Teamsters accept studios' offer, averting a strike threat
Hollywood drivers on Sunday accepted a proposed contract from the studios, averting a strike that could have caused widespread disruptions to production across the country.
The vote came after last-minute negotiations Saturday yielded a compromise that mollified leaders of Teamsters Local 399, who were prepared to seek a strike authorization vote from members.
The two sides had been locked in a standoff over pay rates for more than 3,000 drivers who deliver equipment and stars to film and TV sets.
The studios offered an increase in health-plan contributions and a proposed 2% annual pay increase for drivers. Teamsters wanted a 3% increase, the same rate given to other unions, especially their rival union, the International Alliance of Theatrical Stage Employees.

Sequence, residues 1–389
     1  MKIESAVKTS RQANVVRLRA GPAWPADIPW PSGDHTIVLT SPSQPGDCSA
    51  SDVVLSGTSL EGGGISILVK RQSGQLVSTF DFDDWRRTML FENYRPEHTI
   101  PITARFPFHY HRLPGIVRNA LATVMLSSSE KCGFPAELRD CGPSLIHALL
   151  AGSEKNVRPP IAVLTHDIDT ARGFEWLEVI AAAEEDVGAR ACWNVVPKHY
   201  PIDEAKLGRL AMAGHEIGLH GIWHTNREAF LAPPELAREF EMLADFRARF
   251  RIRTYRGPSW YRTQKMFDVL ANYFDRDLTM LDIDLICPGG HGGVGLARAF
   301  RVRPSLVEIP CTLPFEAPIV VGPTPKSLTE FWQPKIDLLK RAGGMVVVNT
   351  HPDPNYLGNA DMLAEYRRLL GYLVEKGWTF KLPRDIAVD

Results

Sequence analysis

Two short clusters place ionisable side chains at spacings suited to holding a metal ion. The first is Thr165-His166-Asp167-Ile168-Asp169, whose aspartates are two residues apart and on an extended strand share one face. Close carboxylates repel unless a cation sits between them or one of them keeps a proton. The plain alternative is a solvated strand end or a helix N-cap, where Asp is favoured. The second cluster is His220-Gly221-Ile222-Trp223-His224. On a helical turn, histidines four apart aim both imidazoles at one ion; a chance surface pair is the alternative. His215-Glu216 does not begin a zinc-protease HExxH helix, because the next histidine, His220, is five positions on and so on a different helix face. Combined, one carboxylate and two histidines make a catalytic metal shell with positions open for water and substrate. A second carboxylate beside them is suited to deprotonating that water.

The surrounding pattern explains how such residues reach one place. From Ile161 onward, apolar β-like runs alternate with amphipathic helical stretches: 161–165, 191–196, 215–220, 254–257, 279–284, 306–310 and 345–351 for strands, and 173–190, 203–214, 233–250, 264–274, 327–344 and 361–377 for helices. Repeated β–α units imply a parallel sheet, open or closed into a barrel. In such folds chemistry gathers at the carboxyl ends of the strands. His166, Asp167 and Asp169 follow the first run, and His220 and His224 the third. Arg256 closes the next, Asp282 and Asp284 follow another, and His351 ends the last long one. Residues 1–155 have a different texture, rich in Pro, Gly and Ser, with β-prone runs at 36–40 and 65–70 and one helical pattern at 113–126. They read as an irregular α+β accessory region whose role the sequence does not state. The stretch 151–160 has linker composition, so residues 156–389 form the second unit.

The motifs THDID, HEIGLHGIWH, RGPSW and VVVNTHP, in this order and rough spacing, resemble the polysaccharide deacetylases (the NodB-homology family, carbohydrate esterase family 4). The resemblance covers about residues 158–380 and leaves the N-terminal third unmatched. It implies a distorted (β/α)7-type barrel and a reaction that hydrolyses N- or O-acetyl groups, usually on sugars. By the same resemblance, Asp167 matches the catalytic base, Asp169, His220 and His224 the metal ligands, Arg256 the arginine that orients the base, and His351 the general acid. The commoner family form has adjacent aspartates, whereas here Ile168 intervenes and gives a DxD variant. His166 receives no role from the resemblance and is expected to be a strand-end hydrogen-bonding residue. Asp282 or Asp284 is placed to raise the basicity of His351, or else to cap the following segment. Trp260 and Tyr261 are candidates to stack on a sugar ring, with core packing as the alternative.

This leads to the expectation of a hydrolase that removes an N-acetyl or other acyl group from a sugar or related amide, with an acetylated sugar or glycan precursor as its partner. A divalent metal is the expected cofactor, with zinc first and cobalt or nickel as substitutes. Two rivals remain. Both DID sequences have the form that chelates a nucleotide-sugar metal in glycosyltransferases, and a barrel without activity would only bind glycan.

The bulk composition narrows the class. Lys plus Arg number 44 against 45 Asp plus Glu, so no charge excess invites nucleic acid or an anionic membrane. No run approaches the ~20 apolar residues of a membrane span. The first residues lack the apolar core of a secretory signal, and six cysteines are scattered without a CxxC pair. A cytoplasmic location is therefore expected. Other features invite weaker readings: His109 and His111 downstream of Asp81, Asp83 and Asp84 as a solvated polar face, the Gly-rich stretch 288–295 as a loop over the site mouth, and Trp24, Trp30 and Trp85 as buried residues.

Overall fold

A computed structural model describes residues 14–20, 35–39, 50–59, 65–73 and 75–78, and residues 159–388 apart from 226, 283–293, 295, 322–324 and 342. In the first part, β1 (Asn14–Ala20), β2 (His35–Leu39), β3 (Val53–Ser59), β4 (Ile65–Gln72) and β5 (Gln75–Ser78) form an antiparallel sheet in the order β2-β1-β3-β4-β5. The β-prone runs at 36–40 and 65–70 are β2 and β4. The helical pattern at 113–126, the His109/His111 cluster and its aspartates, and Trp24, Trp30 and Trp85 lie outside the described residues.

The Alliance of Motion Picture and Television Producers, which bargained on behalf of the studios, rejected the demand, citing the weak economy, which had buffeted DVD sales and forced cutbacks.
On Saturday, however, the studios offered some additional incentives to the Teamsters, including adding travel pay for certain types of drivers.
The dispute came at a delicate time for the studios, who are gearing up for contract negotiations this fall with the Hollywood's actors and later writers, whose contracts expire in 2011.
It was also unusual because the Teamsters, a blue-collar union whose members also represent location managers and casting directors, generally stay below the radar and rarely engage in public standoffs with the studios, with which they've generally enjoyed a stable relationship over the last two decades. Teamsters last struck for 24 days in 1988.
Although Teamsters openly supported writers during their strike in 2007-08, they've worked closely with studios on legislative issues, such as support for California's film tax incentives and the proposed Comcast-NBC Universal merger.
-- Richard Verrier